The 8 Best Budget-Friendly Finds to Pick Up from a Restaurant Supply Store

They're not just for pro chefs.

Plastic wrap, Y peeler, digital kitchen scale, metal mixing bowls, metal tongs, rubber spatulas, and a sheet tray

The Spruce Eats / Margot Cavin

I love restaurant supply stores—I could easily spend hours just meandering through the aisles looking for things that I don’t really need, but want. The cooking equipment that is sold at restaurant supply stores is all around better. Since the items are meant for use in restaurants you can expect them to be sturdier, easier and more efficient to use, and better designed for wear and tear. Unlike the tools you might find in fancy kitchenware shops that are made with design in mind first, commercial goods are no frills—they focus on pure utility, which means they generally work better and are a lot cheaper.

If you're visiting a restaurant supply store for the first time, it can be a little overwhelming. What are the best things to buy? Here, I narrowed down my top eight finds from any restaurant supply store around the country—they're a good start for new and seasoned cooks alike who are looking to up their kitchen game.

Heat proof spatulas

The Spruce Eats / Margot Cavin

1. A Thick Red-Handled Heatproof Rubber Spatula

I know it sounds very specific—who cares about a red handle? But I am telling you, it is the only rubber spatula you need and will ever want after trying it out. The handle is thick and sturdy (nothing flimsy here!), and I use it to make everything from scrambled eggs to cakes. It also comes in all of the sizes so you can choose which one is best suited for you.

Y Vegetable Peeler

The Spruce Eats / Margot Cavin

2. “Y” Vegetable Peeler

I haven’t seen these peelers outside of a restaurant supply, but they should honestly be the only kind to exist. Trust me: they're far superior to the stick peelers! As the name implies, the peelers are shaped like a Y—imagine a hollow dustpan where the edge is the blade. The handles are usually made of plastic and they come in every color of the rainbow. They are very light, ergonomic, and make peeling anything a breeze.

Metal Utility Tongs

The Spruce Eats / Margot Cavin

3. Utility Tongs

These utility tongs are one of my most used tools. They're just a plain pair of stainless steel tongs—no clippy thing to hold it together, no silicon coverage in pastel colors on the ends, nothing! (Because honestly, those things are totally unnecessary.) These tongs are lighter and have the perfect tong resistance, they are also super cheap and come in every size imaginable.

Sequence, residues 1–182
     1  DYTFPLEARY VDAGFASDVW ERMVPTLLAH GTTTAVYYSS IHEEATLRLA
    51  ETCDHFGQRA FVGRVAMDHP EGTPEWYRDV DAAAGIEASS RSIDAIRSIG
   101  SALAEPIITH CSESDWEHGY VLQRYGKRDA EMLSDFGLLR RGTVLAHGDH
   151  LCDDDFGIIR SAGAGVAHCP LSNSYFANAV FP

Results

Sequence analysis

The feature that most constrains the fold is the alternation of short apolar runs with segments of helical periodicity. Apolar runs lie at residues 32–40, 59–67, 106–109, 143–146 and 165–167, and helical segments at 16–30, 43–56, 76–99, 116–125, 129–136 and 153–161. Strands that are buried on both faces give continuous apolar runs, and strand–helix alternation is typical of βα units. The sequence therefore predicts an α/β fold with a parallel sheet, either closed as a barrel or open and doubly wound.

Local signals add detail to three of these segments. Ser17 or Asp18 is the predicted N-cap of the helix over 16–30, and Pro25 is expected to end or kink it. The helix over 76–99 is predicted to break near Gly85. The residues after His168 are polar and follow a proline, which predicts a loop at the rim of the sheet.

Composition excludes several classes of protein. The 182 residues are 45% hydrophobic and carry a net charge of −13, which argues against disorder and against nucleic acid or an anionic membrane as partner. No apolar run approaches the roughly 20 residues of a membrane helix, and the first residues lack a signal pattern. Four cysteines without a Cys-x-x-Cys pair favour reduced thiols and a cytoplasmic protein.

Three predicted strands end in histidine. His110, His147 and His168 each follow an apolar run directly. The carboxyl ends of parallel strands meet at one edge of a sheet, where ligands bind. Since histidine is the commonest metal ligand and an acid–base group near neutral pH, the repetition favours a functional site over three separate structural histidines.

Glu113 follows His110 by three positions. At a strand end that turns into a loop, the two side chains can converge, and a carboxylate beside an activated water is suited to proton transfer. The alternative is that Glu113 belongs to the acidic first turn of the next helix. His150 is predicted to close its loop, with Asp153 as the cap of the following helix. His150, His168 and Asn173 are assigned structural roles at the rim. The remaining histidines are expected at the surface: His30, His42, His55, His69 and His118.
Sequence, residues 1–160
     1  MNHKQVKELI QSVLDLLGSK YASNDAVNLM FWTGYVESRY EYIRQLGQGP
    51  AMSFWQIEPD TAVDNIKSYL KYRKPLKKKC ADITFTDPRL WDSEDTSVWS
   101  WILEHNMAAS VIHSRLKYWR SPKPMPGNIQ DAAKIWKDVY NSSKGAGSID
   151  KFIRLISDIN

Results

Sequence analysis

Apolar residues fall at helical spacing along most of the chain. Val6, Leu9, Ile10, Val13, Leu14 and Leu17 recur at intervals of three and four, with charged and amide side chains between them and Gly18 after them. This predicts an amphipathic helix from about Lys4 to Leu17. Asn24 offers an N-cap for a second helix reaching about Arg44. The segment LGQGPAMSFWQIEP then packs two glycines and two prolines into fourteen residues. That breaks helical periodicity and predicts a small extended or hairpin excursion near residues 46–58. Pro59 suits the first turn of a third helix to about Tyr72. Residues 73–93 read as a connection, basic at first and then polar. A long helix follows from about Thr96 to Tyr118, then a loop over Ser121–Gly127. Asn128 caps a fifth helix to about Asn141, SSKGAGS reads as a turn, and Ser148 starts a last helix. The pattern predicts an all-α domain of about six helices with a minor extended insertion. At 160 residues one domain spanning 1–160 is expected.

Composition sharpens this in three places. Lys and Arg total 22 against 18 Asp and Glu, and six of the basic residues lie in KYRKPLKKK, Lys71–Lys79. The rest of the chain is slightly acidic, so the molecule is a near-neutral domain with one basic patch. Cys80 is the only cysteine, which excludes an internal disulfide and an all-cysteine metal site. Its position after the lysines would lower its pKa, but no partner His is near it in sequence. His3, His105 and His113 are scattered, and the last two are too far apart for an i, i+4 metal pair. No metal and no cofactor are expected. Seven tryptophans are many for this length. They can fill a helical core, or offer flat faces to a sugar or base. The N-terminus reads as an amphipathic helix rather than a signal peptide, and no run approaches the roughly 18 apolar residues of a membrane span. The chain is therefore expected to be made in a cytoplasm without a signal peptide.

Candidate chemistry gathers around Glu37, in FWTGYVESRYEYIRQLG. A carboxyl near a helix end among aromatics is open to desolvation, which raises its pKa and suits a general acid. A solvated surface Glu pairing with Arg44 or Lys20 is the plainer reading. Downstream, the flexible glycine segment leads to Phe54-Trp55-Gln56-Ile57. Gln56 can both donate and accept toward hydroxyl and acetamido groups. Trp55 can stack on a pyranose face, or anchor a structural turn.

A photo of deli containers next to a cambro


4. Deli Containers and Cambros

Walk into the fridge in any restaurant and you will find everything stored in a million cup, pint, and quart containers stacked on top of each other. Deli containers are those plastic tubs that your olives and artichokes come in at the—you guessed it—deli. It’s what we use in restaurants to keep all our mise en place. They are better than any tupperware because they are space-saving, stackable, dishwasher safe, can handle extremely high heat, and all the lids are interchangeable no matter the size of the containers. Just make sure to get the sturdy ones!

So what happens when you have more than a quart of leftovers? You move to a Cambro. Cambro is the brand name for these sturdy, high-quality food storage containers. I like the square ones because it saves more space and has curved corners for easy pouring with no mess. They range in size from two quarts to 22 quarts, they can withstand temperatures of -40°F to 210°F, they're odor resistant, and are virtually indestructible.

A large box of plastic wrap

The Spruce Eats / Margot Cavin

5. Plastic Wrap

Food service plastic wrap works infinitely better than the rolls from your local supermarket. It sticks to itself better and has a nicer elasticity meaning your product stays fresher longer.

Metal sheet trays

The Spruce Eats / Margot Cavin

6. Sheet Trays

Chefs call them sheet trays—not cookie or baking sheets. The ones I've bought at restaurant supply stores have standardized measurements with an inch-high rim so they're perfect for roasting or baking anything. For home use, get the quarter or half sheet sizes. 

Metal nesting mixing bowls

The Spruce Eats / Margot Cavin

7. Mixing Bowls

Stainless steel mixing bowls are another item used in all restaurants. The bowls come in many sizes and stack perfectly within each other. They are also lightweight and durable, won’t trap odors, and are heat-proof—meaning they're perfect for a double boiler.

Digital Kitchen Scale

The Spruce Eats / Margot Cavin

8. Digital Kitchen Scale

If you are a passionate home baker you should really invest in a digital scale. In professional kitchens, we measure everything by weight for accuracy and consistency. It’s also great for portioning.